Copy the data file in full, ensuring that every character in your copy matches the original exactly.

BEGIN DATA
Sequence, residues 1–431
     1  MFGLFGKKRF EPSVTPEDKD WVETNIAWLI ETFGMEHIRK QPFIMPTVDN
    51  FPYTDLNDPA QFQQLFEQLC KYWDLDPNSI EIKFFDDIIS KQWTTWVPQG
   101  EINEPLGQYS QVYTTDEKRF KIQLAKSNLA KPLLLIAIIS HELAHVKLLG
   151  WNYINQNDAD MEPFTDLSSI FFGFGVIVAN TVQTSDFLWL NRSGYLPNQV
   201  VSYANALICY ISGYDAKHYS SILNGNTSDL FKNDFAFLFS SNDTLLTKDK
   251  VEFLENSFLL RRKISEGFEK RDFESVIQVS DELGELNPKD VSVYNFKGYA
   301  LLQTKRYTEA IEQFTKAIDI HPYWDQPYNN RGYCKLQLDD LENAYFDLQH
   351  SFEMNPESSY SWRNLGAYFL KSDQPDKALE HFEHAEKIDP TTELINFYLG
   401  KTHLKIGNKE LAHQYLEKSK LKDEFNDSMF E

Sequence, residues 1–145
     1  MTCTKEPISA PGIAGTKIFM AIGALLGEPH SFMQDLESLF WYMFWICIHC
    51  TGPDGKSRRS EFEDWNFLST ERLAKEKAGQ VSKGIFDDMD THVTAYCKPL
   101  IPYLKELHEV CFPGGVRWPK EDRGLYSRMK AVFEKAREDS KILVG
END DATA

Sequence, residues 1–431
     1  MFGLFGKKRF EPSVTPEDKD WVETNIAWLI ETFGMEHIRK QPFIMPTVDN
    51  FPYTDLNDPA QFQQLFEQLC KYWDLDPNSI EIKFFDDIIS KQWTTWVPQG
   101  EINEPLGQYS QVYTTDEKRF KIQLAKSNLA KPLLLIAIIS HELAHVKLLG
   151  WNYINQNDAD MEPFTDLSSI FFGFGVIVAN TVQTSDFLWL NRSGYLPNQV
   201  VSYANALICY ISGYDAKHYS SILNGNTSDL FKNDFAFLFS SNDTLLTKDK
   251  VEFLENSFLL RRKISEGFEK RDFESVIQVS DELGELNPKD VSVYNFKGYA
   301  LLQTKRYTEA IEQFTKAIDI HPYWDQPYNN RGYCKLQLDD LENAYFDLQH
   351  SFEMNPESSY SWRNLGAYFL KSDQPDKALE HFEHAEKIDP TTELINFYLG
   401  KTHLKIGNKE LAHQYLEKSK LKDEFNDSMF E

Sequence, residues 1–145
     1  MTCTKEPISA PGIAGTKIFM AIGALLGEPH SFMQDLESLF WYMFWICIHC
    51  TGPDGKSRRS EFEDWNFLST ERLAKEKAGQ VSKGIFDDMD THVTAYCKPL
   101  IPYLKELHEV CFPGGVRWPK EDRGLYSRMK AVFEKAREDS KILVG